|کد مقاله||کد نشریه||سال انتشار||مقاله انگلیسی||ترجمه فارسی||نسخه تمام متن|
|310372||533081||2016||14 صفحه PDF||سفارش دهید||دانلود رایگان|
• We segment subjects into three types based on six travel goals.
• Three segments differ in potential uptake of dwelling district and travel modes.
• An information intervention controlled trial is carried out.
• Three segments have consistent and distinct reactions to the information.
• Policy interventions to promote sustainable green travel modes are proposed.
In order to assess the degree to which specific groups will adapt their travel behaviors after certain intervention, this study utilized a cluster analysis to discuss three segments’ distinct goal frames, social-demographic properties, travel modes, and habitat, and then carried out an information intervention controlled trial to discover three segments’ modal split shifts. The results indicate that the information have consistent and distinct impacts on travel mode choice by clusters. This consistency is embodied in the simultaneous and significant increase in travel times by green modes (walking, non-powered bicycle, or bus) and in the small but non-significant effects on reducing car use in the three clusters. The distinctness of the impacts is that information have a more effective influence on subjects with gain goal frames because their travel times by all three green modes greatly improved. Subjects with the hedonic goal frame are the least sensitive to information, with the only significant increase in travel times being by non-powered bicycle. This research also addressed the “attitude-behavior gap”, weather impacts, and goal-oriented prompts. The findings suggest that policy interventions should be designed to improve public transit features, especially the bicycle system, rather than only to constrain car use, and that tailored policies should be targeted to specific groups with different goal frames.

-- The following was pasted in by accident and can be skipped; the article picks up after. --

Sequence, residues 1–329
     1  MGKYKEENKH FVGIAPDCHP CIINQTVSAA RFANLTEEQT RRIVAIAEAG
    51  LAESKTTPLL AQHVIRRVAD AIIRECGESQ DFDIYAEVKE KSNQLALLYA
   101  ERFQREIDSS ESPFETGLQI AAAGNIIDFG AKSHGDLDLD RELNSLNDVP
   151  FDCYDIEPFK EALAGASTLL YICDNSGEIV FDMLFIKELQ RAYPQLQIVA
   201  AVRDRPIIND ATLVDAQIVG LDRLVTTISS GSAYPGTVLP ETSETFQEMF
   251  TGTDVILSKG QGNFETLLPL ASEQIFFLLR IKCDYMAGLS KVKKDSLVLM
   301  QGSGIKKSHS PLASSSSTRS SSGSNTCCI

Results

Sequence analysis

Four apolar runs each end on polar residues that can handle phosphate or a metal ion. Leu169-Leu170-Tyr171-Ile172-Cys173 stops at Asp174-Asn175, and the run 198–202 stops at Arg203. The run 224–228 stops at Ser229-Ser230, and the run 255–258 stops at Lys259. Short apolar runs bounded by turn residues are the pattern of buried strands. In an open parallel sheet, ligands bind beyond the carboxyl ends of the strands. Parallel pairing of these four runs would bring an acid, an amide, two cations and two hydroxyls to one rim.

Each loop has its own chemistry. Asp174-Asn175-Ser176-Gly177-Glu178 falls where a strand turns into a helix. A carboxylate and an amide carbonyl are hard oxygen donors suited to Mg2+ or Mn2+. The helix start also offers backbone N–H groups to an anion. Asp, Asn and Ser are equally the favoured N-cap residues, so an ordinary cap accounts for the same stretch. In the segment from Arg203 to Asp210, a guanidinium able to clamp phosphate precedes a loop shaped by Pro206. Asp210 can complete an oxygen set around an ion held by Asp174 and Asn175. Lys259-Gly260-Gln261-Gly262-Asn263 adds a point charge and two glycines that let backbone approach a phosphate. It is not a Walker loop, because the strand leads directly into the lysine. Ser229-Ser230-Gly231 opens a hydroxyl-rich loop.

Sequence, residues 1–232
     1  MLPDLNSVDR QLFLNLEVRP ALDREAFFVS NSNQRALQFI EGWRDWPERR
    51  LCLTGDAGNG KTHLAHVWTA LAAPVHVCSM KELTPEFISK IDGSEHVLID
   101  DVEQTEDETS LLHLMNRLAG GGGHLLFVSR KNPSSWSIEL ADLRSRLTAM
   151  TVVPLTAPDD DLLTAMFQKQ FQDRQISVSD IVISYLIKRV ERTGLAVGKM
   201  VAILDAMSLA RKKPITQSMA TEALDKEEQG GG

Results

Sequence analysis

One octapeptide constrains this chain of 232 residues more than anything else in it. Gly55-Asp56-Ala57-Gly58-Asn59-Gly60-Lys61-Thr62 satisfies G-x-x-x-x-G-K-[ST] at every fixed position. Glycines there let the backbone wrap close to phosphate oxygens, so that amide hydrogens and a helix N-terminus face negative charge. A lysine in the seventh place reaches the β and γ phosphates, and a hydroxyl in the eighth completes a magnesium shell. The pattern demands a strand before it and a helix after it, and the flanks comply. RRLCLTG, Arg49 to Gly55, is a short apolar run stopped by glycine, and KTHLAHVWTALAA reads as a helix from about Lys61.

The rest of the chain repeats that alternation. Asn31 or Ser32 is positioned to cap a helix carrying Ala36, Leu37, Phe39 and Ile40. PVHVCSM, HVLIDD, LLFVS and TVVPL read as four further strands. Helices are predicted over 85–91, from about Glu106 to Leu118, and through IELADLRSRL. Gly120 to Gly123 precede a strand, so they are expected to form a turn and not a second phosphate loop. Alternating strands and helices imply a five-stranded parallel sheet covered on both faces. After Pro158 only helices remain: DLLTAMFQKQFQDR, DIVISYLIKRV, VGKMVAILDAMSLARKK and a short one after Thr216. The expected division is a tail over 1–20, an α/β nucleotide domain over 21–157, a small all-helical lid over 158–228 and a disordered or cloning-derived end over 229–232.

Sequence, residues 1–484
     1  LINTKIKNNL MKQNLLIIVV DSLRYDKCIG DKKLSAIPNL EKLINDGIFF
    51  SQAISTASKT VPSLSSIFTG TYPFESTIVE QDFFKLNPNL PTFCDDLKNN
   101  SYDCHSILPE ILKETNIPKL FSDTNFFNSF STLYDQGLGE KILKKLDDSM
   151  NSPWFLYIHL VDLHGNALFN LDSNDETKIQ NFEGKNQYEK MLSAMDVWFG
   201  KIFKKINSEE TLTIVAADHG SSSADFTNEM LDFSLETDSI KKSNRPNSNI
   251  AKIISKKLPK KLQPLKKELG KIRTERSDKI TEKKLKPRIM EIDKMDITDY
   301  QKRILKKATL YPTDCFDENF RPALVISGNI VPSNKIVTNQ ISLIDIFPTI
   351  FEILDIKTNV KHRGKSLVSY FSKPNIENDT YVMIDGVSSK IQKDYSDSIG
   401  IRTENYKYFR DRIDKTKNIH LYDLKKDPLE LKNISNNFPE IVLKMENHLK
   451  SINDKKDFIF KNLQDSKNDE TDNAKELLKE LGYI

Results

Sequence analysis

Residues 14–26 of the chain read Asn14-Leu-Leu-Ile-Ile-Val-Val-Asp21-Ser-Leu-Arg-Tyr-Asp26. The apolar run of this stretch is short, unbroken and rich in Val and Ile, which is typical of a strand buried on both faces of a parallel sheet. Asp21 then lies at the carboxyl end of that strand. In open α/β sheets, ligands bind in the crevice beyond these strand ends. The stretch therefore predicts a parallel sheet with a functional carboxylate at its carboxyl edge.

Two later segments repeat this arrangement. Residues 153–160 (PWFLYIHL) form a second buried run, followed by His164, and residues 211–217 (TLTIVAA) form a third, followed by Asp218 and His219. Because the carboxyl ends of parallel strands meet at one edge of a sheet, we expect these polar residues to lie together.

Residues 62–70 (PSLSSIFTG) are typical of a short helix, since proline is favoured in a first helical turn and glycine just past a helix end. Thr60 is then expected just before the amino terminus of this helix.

Journal: Transportation Research Part A: Policy and Practice - Volume 91, September 2016, Pages 134–147